Vocabulary Project

By: Taylor Bjerke

"Change your language and change your thoughts." --Karl Albrecht

Word Schema

'Knowing a word' involves a lot more than the definition. It means understanding its use in relation to the context, its variations, and your ability to make correct predictions about what the words means based on all of these elements.

Different Types of Vocabulary

  • General vocabulary is basically words used in everyday language, for example, the word 'pesky.'
  • Specialized vocabulary includes words that hold multiple meanings in different content areas, for example, the word 'loom.'
  • Technical vocabulary is made up of words that are specific to only one field of study, for example, 'Concerto' in music.

"Vocabulary is as unique to a content area as fingerprints are to a human being." -Vacca & Vacca, 1999


Hold up, this isn't science class! Lenz and Hughes (1990) came up with a word identification strategy to help students decode unknown words. This strategy is called DISSECT:

Discover the context
Isolate the prefix
Separate the suffix
Say the stem
Examine the stem
Check with someone for help
Try the dictionary for assistance
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What are the Qualities of Quality Instruction?

In their article, Academic Language in the Secondary Classroom, Douglas Fisher and Nancy Frey discuss indicators of quality instruction in academic language. Some indicators of quality instruction in academic language include: teacher modeling, oral and written practice, having students interact with each other and with the content, and language supports (Fisher & Frey, p. 66).

"The limits of my language are the limits of my mind. All I know is what I have words for." --Ludwig Wittgenstein

Author's Little Blurb: Using Knowledge to Guide Instruction

Being a reading concentration, vocabulary instruction is a big part of my future as an educator. This module, I was a little bit overwhelmed with the amount of readings we had, but as I read them, I found myself scribbling down notes and quotes and strategies that will all be applicable for my future. Some new strategies include bringing a social environment to vocabulary instruction. I absolutely love the idea of having students use dramatization in the classroom. I want my students to feel comfortable and interact with each other as well as with the content. The more interesting we make instruction, the more students are going to want to learn it, and they will be more able to absorb the information. I learned a lot about Tier 2 words as well. I did not really have a clear view of the difference between Tier 2 and Tier 3 words before this module, but now that I do, I plan to choose which of those Tier 2 words for my lessons carefully and strategically. Vocabulary is so essential to all content areas and this module did a great job of readying us to implement the skills and strategies we learned.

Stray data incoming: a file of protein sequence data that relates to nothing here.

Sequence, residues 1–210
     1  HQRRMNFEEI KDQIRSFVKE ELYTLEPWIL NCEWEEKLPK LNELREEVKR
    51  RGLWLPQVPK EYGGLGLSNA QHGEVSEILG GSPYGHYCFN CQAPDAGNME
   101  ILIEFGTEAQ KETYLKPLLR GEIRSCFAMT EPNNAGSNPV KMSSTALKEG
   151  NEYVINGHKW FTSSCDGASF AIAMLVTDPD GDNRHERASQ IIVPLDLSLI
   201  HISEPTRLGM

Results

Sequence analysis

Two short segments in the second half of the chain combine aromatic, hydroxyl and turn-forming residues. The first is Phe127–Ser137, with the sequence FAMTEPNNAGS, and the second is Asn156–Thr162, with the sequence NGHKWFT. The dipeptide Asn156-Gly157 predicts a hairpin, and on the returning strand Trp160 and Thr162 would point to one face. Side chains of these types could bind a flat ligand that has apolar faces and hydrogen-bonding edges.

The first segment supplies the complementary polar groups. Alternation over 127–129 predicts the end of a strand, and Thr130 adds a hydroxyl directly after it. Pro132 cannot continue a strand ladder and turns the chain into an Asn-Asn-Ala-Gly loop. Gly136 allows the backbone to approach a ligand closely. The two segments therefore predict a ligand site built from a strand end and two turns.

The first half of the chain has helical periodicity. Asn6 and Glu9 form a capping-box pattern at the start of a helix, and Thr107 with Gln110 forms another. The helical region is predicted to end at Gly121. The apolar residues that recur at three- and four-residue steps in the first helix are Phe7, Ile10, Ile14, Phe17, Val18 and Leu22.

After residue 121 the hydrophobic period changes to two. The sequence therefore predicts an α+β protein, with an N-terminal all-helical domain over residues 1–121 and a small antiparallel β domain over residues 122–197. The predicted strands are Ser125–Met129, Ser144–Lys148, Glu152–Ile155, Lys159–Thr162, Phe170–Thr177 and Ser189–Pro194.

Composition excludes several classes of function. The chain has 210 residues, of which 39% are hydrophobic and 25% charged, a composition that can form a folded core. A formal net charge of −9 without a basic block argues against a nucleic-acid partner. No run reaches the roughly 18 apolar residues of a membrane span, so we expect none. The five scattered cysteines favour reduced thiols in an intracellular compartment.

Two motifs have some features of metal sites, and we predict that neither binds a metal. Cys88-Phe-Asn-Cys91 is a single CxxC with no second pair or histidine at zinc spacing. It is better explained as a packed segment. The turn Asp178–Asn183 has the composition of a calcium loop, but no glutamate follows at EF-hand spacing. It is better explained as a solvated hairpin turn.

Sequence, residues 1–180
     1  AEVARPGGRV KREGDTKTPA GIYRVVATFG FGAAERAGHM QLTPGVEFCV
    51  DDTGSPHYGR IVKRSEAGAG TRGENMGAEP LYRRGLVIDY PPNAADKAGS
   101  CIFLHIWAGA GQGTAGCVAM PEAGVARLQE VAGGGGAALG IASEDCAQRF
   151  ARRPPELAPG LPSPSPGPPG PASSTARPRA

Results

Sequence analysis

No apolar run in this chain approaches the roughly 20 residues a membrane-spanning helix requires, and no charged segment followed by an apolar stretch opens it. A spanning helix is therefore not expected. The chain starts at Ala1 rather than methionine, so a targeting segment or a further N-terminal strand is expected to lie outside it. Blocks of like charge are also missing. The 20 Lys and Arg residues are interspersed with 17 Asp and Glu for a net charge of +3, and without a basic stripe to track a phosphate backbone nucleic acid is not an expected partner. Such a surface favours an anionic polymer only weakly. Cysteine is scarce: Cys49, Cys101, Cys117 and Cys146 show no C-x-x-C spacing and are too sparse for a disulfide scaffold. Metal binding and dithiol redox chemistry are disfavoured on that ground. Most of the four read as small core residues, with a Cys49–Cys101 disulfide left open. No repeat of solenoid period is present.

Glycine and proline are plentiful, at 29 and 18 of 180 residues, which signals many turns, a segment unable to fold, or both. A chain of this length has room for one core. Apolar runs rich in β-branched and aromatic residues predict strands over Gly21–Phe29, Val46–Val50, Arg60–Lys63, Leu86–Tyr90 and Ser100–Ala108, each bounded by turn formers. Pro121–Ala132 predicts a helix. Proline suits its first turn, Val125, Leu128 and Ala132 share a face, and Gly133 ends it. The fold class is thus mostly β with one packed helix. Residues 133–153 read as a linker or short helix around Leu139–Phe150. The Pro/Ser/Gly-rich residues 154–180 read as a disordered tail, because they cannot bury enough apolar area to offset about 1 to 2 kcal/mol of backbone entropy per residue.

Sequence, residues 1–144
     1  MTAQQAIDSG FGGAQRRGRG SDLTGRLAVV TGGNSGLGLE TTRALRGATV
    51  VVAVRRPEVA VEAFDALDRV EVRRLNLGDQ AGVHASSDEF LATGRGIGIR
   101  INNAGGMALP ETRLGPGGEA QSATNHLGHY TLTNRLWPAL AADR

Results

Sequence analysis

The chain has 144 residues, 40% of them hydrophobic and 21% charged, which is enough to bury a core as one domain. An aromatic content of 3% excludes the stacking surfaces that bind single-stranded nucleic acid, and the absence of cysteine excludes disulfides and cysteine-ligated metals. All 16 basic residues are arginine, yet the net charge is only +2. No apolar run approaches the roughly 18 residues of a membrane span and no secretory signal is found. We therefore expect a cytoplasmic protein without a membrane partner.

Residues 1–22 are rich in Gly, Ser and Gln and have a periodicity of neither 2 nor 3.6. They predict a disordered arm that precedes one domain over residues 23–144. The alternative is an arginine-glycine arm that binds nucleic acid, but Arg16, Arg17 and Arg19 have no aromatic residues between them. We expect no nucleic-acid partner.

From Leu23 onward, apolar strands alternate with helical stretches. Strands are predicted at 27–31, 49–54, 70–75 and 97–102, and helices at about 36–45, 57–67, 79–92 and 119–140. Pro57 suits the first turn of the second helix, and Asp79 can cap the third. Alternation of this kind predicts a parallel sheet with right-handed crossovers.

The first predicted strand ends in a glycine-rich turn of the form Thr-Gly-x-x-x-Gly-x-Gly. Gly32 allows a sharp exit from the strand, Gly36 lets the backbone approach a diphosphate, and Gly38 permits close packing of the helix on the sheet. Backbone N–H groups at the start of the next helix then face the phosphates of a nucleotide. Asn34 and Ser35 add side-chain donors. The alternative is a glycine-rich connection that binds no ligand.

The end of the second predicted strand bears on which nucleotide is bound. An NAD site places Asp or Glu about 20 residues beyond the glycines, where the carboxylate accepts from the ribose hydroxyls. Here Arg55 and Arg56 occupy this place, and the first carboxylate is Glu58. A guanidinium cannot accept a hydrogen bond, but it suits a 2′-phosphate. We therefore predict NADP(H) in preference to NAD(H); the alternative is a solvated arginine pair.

There is no 'one size fits all' approach to vocabulary instruction.

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Here are some of the sources I used, as well as some additional sources I find useful in regards to successful vocabulary instruction.

Taylor Bjerke

I am an Elementary Education major with a concentration in Reading. Go Pirates!